Writing a tribute about Sir Jack Hayward OBE should be the easiest task in the world for a Wolves fan like me.
Doing justice to Sir Jack Hayward at the same time is an entirely different proposition altogether.
For all the eulogies over the past fortnight about our most lovable owner of all, none seem to have hit the spot in quite the way he touched my heart.
While daily news snippets about his selfless, humble and generous nature are welcome, they say nothing that I didn’t already know.
Then there’s those endless reflections upon 2003, and a condensing of his entire legacy into one hazy Bank Holiday in Cardiff and a solitary season in the Premier League thereafter.
Maybe this will be Sir Jack’s enduring legacy. And if an epitaph has already been written, then maybe it will allude to that sunny day in May when his thumbs were in the air.
That’s not how I’ll remember him. No thanks all the same.
I’d been a Wolves fan for three years when Sir Jack Hayward stood on the South Bank terrace with us Lost Souls and embarked upon a journey to define my adolescent years.
Looking back, one year in the top flight for all he invested was absolutely criminal, so while a vision of his beaming smile in the Millennium Stadium will be conjured in the minds of many, it won’t mine.
When 17th placed PL finishes are celebrated like an FA Cup final win; when Phil Brown grabs a microphone to sing about such failure from the rooftops, Sir Jack Hayward always gave us something way more wholesome – however ill-fated so much of it became.
Sir Jack Hayward gave me aspiration.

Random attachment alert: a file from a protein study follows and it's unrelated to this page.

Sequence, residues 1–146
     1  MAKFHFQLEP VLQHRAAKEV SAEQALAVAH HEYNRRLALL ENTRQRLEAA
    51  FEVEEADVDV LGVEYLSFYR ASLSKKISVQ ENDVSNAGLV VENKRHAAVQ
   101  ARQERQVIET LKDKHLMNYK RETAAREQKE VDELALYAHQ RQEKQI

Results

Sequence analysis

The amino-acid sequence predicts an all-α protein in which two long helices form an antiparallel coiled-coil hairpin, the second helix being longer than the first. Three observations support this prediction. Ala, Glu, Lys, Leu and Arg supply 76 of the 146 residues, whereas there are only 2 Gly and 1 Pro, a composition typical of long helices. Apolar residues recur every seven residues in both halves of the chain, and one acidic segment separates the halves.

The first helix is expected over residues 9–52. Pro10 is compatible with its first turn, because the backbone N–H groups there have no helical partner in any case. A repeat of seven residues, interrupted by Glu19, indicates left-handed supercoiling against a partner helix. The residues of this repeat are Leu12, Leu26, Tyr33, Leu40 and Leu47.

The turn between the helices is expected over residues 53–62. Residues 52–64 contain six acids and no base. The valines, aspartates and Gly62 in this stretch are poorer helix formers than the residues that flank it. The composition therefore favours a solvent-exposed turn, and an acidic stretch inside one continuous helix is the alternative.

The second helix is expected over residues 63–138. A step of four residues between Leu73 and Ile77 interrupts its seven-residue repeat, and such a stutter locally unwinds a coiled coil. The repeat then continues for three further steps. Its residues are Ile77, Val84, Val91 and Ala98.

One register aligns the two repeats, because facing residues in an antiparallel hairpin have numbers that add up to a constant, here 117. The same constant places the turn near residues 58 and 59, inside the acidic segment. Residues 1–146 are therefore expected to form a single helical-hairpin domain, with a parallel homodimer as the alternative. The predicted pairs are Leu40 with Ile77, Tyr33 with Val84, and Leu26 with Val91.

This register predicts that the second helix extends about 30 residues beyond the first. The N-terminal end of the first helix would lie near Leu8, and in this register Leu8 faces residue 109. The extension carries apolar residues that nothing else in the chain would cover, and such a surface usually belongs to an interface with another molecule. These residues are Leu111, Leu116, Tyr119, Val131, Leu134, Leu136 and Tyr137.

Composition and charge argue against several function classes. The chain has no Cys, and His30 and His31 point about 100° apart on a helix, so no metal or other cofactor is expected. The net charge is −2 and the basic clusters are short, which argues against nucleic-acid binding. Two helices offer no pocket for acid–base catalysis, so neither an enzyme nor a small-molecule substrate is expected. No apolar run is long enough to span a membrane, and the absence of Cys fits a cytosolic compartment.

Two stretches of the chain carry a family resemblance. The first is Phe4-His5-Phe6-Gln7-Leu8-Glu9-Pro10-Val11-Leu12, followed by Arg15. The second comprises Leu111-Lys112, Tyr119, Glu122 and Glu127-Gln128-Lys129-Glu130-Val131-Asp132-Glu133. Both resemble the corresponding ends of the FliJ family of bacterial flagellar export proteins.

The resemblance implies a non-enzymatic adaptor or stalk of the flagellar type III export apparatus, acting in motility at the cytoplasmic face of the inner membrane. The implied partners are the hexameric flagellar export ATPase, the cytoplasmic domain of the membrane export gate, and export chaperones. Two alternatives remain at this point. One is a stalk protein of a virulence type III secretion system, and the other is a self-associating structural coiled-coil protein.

During the time he presided over our once kamikaze club, impossible meant absolutely nothing as he instilled a genuine belief that we could eventually conquer the world. Isn’t that, above a trip to Cardiff or a season in the Premier League, what being a football fan is all about?
He appointed an ex-England manager, brought a colossus cult hero called de Wolf and even induced some (initially embarrassing) fist pumping between me and Dad at the school gates, when Dad ran through my throng of nonplussed friends to tell me we’d signed Don Goodman.
‘The Shit will be stewing over this one!’ Dad squealed.
When I think of Sir Jack, I think of these times and I smile with such blissful happiness that my eyes begin to water.
Dad and I would attend each and every Anglo Italian Cup game because they genuinely meant something back then. For a glimpse of David Kelly. For a look at our ‘Molineux Wear’ kit under lights.
We’d drive to Molineux to watch midweek league games on our ‘seamless’ video walls on some fangled technology called beam-back, from a vantage point so obscured in the freezing John Ireland Stand that we genuinely couldn’t see a thing!
Me and Dad even revelled in an Andy Ritchie-inspired thrashing at Oldham on Boxing Day (1-4) with 5,000 others, because we knew it was a hiccup. It would still get the nationals talking and we had a great day out!
Back then, every game, every detail and every movement that Sir Jack ever made mattered, because of his great intentions. We aspired. We dreamed. That it was an impossible dream made me love him even more.
Failure, as it emerged, would define my very character as much as a play-off final victory over Sheffield United ever did.
In my personal age of innocence, Sir Jack Hayward was my king.
He was selfless, humble, generous and displayed the very dispositions that Dad ordered me to reach for.
He wasn’t David Sullivan or Karen Brady or even Jeremy Peace…
Whether or not those three were ultimately more successful matters little to me.
As young person in his delinquency – never mind a football fan – Sir Jack Hayward enriched my life in more ways than a football club owner ever really had the right.
To say I’m grateful will never do justice.
God bless you Sir Jack.